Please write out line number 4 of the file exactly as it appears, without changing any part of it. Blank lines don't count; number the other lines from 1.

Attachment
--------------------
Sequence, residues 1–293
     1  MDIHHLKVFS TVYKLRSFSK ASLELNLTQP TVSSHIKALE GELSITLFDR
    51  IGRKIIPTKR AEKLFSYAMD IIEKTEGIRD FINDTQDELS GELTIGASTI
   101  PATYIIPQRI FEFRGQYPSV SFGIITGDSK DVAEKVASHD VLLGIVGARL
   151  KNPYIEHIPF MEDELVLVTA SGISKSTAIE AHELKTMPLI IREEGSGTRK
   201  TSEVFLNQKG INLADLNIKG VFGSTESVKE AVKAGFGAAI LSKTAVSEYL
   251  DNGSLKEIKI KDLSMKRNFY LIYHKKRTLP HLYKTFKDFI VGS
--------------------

   101  PATYIIPQRI FEFRGQYPSV SFGIITGDSK DVAEKVASHD VLLGIVGARL